Ladies Sewing (Kijo saihō no zu)

Adachi Ginkō Japanese

Not on view

The sewing machine is the featured attraction in this print of upper-class women making and ironing clothing. Sewing machines were a novelty in Japan in the 1870s, but by the mid-1880s, when Western dress was enforced for many government employees, seamstresses and tailors started to use Singer machines in preference to hand machines. The sewing machine was among the efficiency-improving devices that carried Western ideas concerning gender roles, progress, and technology into Japan. The Meiji empress supported imported fashions with caution but at the same time was an advocate for the development of the domestic textile industry. However, around the 1880s only the upper classes could afford expensive Western garments.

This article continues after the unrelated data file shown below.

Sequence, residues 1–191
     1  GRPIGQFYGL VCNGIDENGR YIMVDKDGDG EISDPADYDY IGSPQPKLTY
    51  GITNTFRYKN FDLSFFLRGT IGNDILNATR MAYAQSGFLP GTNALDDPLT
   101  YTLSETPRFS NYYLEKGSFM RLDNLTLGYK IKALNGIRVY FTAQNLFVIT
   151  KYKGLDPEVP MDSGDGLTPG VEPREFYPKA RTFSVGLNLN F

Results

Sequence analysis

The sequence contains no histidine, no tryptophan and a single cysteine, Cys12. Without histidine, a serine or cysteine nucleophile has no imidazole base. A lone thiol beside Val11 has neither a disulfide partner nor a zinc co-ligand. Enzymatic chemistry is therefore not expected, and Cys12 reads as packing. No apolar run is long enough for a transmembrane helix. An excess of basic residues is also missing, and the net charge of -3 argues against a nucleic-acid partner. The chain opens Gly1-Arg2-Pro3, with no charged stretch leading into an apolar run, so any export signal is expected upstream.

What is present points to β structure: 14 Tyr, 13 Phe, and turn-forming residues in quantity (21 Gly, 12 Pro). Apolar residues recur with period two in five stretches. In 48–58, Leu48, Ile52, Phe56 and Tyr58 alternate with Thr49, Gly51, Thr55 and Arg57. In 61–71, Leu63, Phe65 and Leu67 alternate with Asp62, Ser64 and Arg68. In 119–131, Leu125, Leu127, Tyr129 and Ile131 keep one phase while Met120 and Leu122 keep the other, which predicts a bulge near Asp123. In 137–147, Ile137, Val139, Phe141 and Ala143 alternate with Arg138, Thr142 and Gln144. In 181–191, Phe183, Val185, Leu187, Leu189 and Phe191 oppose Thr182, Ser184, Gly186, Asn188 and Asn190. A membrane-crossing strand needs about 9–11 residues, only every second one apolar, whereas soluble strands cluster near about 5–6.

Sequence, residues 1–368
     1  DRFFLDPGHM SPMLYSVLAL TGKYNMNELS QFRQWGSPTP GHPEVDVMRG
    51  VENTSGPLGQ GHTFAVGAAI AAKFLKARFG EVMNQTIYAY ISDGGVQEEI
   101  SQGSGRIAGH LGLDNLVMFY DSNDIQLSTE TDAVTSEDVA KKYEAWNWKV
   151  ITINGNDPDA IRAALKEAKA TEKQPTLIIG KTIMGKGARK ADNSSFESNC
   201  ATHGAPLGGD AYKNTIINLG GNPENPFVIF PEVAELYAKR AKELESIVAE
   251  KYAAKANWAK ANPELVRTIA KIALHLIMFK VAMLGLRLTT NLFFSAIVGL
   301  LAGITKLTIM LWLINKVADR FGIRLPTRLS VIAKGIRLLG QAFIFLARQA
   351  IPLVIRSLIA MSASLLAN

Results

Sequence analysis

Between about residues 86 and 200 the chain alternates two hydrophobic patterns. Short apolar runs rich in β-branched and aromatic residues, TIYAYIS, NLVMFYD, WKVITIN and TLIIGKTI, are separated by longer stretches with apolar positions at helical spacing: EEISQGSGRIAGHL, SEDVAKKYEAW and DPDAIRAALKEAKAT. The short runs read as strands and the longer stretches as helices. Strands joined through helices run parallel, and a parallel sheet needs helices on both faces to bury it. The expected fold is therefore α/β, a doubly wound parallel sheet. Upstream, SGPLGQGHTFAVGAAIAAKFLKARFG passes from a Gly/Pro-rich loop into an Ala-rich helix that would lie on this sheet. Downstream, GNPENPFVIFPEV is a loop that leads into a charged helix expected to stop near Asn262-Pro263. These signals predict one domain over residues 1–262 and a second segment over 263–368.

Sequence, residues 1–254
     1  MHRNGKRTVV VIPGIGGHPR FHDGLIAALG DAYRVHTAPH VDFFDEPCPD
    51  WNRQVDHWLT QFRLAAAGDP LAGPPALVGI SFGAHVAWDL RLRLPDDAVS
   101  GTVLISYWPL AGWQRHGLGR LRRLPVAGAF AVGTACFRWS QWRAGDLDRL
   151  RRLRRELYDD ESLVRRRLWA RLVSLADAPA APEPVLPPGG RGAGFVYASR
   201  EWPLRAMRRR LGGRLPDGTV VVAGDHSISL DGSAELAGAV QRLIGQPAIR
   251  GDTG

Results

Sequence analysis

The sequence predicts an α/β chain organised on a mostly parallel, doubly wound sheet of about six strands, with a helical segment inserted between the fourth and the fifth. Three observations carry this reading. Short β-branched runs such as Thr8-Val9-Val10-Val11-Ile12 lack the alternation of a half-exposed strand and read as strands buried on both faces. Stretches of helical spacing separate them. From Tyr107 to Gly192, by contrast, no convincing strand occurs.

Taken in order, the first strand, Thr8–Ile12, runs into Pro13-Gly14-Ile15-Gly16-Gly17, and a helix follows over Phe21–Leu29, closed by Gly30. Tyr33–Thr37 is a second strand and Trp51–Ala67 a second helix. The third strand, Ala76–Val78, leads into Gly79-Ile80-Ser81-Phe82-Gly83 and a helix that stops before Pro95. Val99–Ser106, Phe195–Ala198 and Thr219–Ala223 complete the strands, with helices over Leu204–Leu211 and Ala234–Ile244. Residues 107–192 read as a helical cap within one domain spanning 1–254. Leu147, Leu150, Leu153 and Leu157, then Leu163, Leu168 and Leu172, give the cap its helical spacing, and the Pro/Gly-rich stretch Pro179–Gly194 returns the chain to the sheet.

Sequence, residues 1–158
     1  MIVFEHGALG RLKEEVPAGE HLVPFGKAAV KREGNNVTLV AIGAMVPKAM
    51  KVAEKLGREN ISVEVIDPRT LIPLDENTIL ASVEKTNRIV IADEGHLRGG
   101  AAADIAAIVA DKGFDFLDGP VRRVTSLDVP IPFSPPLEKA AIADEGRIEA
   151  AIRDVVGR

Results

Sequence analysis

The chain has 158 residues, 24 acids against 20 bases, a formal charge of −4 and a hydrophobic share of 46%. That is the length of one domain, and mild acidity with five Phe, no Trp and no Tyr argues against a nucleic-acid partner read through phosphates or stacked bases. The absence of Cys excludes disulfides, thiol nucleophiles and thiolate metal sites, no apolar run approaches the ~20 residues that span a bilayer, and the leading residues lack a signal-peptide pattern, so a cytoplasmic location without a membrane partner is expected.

Ladies Sewing  (Kijo saihō no zu), Adachi Ginkō (Japanese, 1853–1902), Triptych of woodblock prints (nishiki-e); ink and color on paper, Japan

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